21. 21. fastboot commands (3/3) Special commands Command Description oem Device-specific operations boot <kernel> <ramdisk> Load and boot kernel and ramdisk Example: $ fastboot -c "kernel command line" boot zImage ramdisk.cpio.gz Booting Android 21 Copyright © 2011-2016, 2net Ltd
  22. 22. fastboot variables The getvar command should return values for at least these variables: Variable Meaning version Version of the protocol: 0.4 is the one doc- umented version-bootloader Version string of the Bootloader version-baseband Version string of the Baseband Software product Name of the product serialno Product serial number secure If "yes" the bootloader requires signed im- ages Booting Android 22 Copyright © 2011-2016, 2net Ltd
  23. 23. Unlocking the bootloader • Most devices ship with the bootloader locked • fastboot getvar secure returns true • Unlocking - where it is allowed - is device specific • For example, on recent Nexus devices you use a fastboot oem command $ fastboot oem unlock • Answer yes to the on-screen prompt • For security reasons, this wipes the data and cache partitions Booting Android 23 Copyright © 2011-2016, 2net Ltd
  24. 24. What goes where? ramdisk.img: read-only ramdisk /init /init.rc /system /data /cache system.img: read-only /app built-in Android apps /bin native binaries /framework Java components of framework /lib native libraries ... userdata.img: read-write /app user-installed Android apps /data persistent data /dalvik-cache optimised Dex files /system ... cache.img: read-write /backup place to backup up app data /recovery logs used in recovery mode Booting Android 24 Copyright © 2011-2016, 2net Ltd
  25. 25. Flash memory devices • In almost all cases data is stored in flash memory • There are two main types • Raw NAND flash, where the chips are accessed directly by Linux • Managed flash, which contain an on-chip controller • Managed flash is the most common • Examples: • MMC, SD and MicroSD cards: removeable storage • eMMC (embedded MMC): same electrical interface as MMC, but packaged as a chip • UFS (Universal Flash Storage): similar to eMMC, but faster and with a SCSI command set Booting Android 25 Copyright © 2011-2016, 2net Ltd
  26. 26. Raw NAND flash • NAND flash chips are accessed via the Linux MTD (Memory Technology Device) drivers • Partitions are named /dev/block/mtdblockN where N is the partition number • /proc/mtd lists the partitions and sizes # cat /proc/mtd dev: size erasesize name mtd0: 05660000 00020000 "system" mtd1: 04000000 00020000 "userdata" mtd2: 04000000 00020000 "cache" Booting Android 26 Copyright © 2011-2016, 2net Ltd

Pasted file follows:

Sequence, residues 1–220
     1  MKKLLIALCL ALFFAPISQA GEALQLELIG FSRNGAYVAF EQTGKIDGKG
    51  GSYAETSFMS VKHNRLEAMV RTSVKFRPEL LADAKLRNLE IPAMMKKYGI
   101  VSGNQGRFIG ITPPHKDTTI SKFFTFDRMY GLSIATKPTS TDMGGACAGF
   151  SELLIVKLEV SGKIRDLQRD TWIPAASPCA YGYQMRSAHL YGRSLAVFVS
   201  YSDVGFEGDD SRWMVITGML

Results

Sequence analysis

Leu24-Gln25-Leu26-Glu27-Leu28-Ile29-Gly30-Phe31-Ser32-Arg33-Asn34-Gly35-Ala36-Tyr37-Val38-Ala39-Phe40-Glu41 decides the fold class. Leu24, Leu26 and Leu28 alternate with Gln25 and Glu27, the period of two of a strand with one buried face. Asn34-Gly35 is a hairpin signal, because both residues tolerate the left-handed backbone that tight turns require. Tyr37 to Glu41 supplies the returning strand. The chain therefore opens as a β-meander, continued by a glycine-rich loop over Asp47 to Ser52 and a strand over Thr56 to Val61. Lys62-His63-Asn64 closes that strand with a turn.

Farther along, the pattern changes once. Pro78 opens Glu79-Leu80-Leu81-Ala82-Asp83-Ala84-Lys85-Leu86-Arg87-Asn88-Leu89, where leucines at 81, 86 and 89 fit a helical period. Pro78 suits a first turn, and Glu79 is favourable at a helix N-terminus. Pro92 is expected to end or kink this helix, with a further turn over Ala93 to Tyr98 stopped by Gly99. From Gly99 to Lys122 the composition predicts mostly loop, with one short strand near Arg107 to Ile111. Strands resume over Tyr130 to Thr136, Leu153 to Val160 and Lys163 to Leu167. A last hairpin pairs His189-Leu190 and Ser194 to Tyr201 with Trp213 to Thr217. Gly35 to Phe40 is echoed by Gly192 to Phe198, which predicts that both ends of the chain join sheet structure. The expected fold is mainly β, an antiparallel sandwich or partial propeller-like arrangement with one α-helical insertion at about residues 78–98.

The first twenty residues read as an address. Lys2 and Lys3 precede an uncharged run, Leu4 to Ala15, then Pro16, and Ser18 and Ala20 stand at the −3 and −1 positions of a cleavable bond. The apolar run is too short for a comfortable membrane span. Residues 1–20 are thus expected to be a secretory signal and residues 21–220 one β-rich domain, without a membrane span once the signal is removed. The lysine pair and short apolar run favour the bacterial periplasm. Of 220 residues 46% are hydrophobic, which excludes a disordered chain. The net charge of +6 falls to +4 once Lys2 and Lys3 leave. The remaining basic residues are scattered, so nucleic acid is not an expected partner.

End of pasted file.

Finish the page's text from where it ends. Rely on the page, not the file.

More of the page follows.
27. 27. File systems for raw NAND flash • Flash translation layer implemented in the filesystem • NAND flash devices require special filesystem support, such as: • jffs2 (Journalling Flash File System 2) • Note: incompatible with the Android run-time (no writeable mmaped files)! • yaffs2 (Yet Another Flash File System 2) • ubifs (Unsorted Block Image File System) • Most Android devices with NAND flash use yaffs2 Booting Android 27 Copyright © 2011-2016, 2net Ltd
  28. 28. SD and eMMC • Flash translation layer implemented in the chip • The controller chip splits flash memory into 512-byte sectors just like hard drives • Accessed via the Linux mmcblock driver • Partition device nodes have names of the form mmcblk[chip number]p[partition number] • For example: /dev/block/mmcblk0p3 /system /dev/block/mmcblk0p8 /data /dev/block/mmcblk0p4 /cache Booting Android 28 Copyright © 2011-2016, 2net Ltd
  29. 29. File systems for eMMC • eMMC devices "look" like hard drives • Use the same filesystem types • The preferred type in most Android devices is ext4 • Alternative: F2FS (Flash Friendly File System) • Develpoed by Samsung, and deployed on some of their devices • Faster file writes than ext4 Booting Android 29 Copyright © 2011-2016, 2net Ltd
  30. 30. SD cards and other removable media • This includes MMC, SD, microSD and USB flash drives • For compatibility with other operating systems they come pre-formatted with FAT32 • Use the Linux vfat driver Booting Android 30 Copyright © 2011-2016, 2net Ltd
  31. 31. Delving deeper • This is an excerpt from my Android Porting class • If you would like to find out more secrets of Android, visit http://www.2net.co.uk/training.html and book a course Booting Android 31 Copyright © 2011-2016, 2net Ltd